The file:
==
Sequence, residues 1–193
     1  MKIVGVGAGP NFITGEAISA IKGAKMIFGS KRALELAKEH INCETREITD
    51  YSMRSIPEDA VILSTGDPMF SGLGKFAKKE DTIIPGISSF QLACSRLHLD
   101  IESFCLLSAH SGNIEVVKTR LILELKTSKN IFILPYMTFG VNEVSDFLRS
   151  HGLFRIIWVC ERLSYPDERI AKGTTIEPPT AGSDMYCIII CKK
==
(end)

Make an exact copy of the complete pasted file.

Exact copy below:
Sequence, residues 1–193
     1  MKIVGVGAGP NFITGEAISA IKGAKMIFGS KRALELAKEH INCETREITD
    51  YSMRSIPEDA VILSTGDPMF SGLGKFAKKE DTIIPGISSF QLACSRLHLD
   101  IESFCLLSAH SGNIEVVKTR LILELKTSKN IFILPYMTFG VNEVSDFLRS
   151  HGLFRIIWVC ERLSYPDERI AKGTTIEPPT AGSDMYCIII CKK